DSCN2465If you’re wondering why we have a bunch of bobbleheads displayed in the Reading Room take a closer look.

These aren’t just random figurines collected from minor league baseball games, they’re unique (and rare) representations of Supreme Court Justices.

The creation of Professor Ross Davies of George Mason Law and Editor in Chief of The Green Bag: An Entertaining Journal of Law, the bobbleheads have become well known for their light-hearted representations of the personalities and passions of the members of the Supreme Court.

Featured by CBS News, CNN, The New York Times and Politico among others, Law Library owns one of the largest collections of the bobbleheads and is currently exhibiting them this semester.

Whether its Justice John Paul Stevens sporting a golf club to represent his majority opinion in PGA Tour, Inc. v. Martin, 532 U.S. 661 (2001) or Justice Souter wearing a gold chain to symbolize his role in Campbell v. Acuff-Rose Music, 510 U.S. 569 (1994) (a.k.a the 2 Live Crew fair use case) all the bobbleheads and the unique stories behind them are currently on display in the Gould Reading Room.

Check back over the next few weeks as we’ll be taking a closer look at some at some of the unique and entertaining features of some of the individual justices.

Abraham_Lincoln_November_1863

This month marks the 150th anniversary of the Gettysburg Address. The speech is sometimes referred to as the greatest closing argument in history, in part because Lincoln himself spent his early career as a lawyer in Illinois.

The law library has numerous books available for checkout detailing Lincoln’s career as a lawyer and covering his skill as an orator. One of the more recent examples is Arthur Rizer’s Lincoln’s Counsel: Lessons from America’s Most Persuasive Speaker, published by the American Bar Association.

From the publisher’s website:

Before Abraham Lincoln was called “Mr. President,” he was called “counselor” and “esquire.” Some consider him to be one of the nation’s greatest attorneys and, at the very least, an enormously persuasive speaker. He spent more years practicing law than any other president, and his years in the legal profession were essential to his eventual election to the Presidency.

As a lawyer, Lincoln knew how to craft successful closing arguments. As a president–with his Gettysburg Address, perhaps the greatest closing argument in history–he knew how to persuade a bitterly divided country into ultimately doing what was right for all.

Through examples from Lincoln’s great speeches and closing arguments–included in their entirety are Lincoln’s First and Second Inaugural Speeches, the Gettysburg Address, the Emancipation Proclamation and more–this book instructs you in the art of persuasion in two simple ways: by providing lessons from Lincoln’s career as a lawyer and politician, and then by analyzing those lessons and discussing how to apply them to your own life. Lincoln’s Counsel gives important advice about advocacy straight from the very best.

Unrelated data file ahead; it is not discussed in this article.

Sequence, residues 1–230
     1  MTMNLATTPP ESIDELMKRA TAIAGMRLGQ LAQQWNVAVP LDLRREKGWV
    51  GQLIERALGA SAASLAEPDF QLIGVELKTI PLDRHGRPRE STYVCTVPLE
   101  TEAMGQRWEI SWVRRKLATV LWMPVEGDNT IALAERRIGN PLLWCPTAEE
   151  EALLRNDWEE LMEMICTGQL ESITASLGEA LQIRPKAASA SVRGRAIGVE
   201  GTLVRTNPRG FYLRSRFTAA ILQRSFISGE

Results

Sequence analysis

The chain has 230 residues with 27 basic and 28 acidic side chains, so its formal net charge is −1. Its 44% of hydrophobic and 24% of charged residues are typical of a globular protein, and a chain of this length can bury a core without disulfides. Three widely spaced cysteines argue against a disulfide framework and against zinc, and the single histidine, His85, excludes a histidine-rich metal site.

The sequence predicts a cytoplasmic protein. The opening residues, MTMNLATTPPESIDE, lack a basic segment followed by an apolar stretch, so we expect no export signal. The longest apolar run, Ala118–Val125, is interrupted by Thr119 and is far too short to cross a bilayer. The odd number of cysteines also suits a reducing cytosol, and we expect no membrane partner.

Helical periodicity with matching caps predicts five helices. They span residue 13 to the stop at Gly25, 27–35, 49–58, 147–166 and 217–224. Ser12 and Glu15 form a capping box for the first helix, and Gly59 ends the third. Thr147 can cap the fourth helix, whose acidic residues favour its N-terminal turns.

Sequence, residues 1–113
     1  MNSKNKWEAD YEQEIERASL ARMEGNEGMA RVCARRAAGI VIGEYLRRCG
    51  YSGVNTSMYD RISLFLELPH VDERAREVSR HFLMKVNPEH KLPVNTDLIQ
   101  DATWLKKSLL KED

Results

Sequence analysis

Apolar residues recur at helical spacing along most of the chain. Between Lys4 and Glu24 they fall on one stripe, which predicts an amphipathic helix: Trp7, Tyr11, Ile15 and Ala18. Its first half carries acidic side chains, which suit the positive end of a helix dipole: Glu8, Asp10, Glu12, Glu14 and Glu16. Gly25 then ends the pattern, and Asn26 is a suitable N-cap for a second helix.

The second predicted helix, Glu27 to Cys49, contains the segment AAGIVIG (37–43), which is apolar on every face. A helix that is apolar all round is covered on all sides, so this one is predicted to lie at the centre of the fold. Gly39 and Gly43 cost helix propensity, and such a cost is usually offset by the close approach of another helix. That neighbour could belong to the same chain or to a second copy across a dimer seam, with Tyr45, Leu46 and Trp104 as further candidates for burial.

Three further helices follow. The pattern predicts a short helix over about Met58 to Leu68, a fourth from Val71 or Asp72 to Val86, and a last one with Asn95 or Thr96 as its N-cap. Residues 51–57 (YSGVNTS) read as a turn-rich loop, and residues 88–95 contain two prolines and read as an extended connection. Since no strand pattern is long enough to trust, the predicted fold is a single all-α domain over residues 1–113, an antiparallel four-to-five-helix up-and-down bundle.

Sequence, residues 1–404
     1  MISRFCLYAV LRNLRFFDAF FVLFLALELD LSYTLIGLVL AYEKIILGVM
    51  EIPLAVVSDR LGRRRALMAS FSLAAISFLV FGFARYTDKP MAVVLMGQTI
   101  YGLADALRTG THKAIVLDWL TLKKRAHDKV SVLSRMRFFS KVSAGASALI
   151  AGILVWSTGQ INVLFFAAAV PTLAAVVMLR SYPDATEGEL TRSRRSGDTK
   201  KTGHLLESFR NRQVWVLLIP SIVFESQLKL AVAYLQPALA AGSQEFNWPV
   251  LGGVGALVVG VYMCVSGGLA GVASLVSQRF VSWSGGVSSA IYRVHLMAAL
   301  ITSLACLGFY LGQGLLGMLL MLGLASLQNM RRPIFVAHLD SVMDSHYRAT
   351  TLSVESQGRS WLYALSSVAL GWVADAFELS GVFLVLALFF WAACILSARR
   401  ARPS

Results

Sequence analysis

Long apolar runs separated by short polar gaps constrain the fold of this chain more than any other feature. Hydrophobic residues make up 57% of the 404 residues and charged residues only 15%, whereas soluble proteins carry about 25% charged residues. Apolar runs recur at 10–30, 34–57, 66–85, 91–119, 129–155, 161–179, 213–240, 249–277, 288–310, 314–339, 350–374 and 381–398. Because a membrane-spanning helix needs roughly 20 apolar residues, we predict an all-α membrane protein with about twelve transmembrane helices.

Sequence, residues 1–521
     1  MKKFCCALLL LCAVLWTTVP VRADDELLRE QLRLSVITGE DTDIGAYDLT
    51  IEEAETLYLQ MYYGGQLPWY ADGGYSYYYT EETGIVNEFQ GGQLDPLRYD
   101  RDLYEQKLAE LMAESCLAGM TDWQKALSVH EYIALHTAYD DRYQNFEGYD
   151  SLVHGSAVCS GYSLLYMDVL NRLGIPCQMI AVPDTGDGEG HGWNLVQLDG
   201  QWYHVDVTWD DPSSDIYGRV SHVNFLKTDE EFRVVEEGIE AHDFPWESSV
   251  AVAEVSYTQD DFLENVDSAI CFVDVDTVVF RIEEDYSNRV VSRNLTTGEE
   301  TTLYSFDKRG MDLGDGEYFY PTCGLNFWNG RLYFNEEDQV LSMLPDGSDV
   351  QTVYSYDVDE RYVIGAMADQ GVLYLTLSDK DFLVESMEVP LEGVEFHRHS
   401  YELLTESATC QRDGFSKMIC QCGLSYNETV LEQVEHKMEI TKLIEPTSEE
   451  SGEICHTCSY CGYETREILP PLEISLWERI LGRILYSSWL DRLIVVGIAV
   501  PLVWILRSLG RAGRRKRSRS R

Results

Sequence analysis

Also, due to Cornell possessing one of the original copies of the address, be sure to check out the commemorative events taking place around campus this month by visiting the university’s events calendar here.

 

The Trial Pamphlets Collection is an exciting digitization project undertaken by the law library with funding of $155,700 from the  Save America’s Treasures Grant Program.  The digitized collection, drawn from our Special Collections, consists of pamphlets capturing a formative period in American history ranging in date from the late 1600s to the late 1800s.  The pamphlets contained contemporary accounts of trials that involved prominent citizens or that dealt with especially controversial or lurid topics.  We are indebted to  Law Library Associate Director for Special Collections and Administrative Services Thomas Mills and the entire project staff  for their remarkable contributions in making this project a reality.  Additional content will be added in the upcoming months.

To visit the Trial Pamphlets Collection, go to: http://ebooks.library.cornell.edu/t/trial/index.php.

 

The Cornell Law School Library has purchased two additional HeinOnline databases, Congress & the Courts and the History of International Law Collection, for use by the Cornell University community.

Congress & the Courts is a collection focusing on the organization, structure, and legislative history of the federal  courts and judiciary.  It includes William H. Manz’s Congress and the Courts: A Legislative History 1787-2010, covering the U.S. Congress’s approaches since 1789 to the composition and structure of Article III Courts.  It also includes Federal Judicial Center publications and scholarly articles about the federal courts.

The History of International Law Collection includes more than 700 titles going back to 1690.  These titles include classic books by authors such as Hugo Grotius and William Douglas, serials such as Studies in Transnational Legal Policy and Judicial Settlement of International Disputes, scholarly articles, and bibliographies.

You can explore the contents of these databases here.

Woman Working In FactoryMarch is Women’s History Month.  An overview of the legal origin of this celebration is available from the Law Library of Congress.  Here, copies of the 19th Amendment, relevant Congressional Resolutions and Presidential Proclamations, and some recent public laws, are available for viewing.  The 2011 Presidential Proclamation is available from the White House here.  Other good sources of information include the National Women’s History Project and www.womenshistorymonth.gov, where the Library of Congress, National Archives and Records Administration, National Endowment for the Humanities, National Gallery of Art, National Park Service, Smithsonian Institution and United States Holocaust Memorial Museum “join in paying tribute to the generations of women whose commitment to nature and the planet have proved invaluable to society.”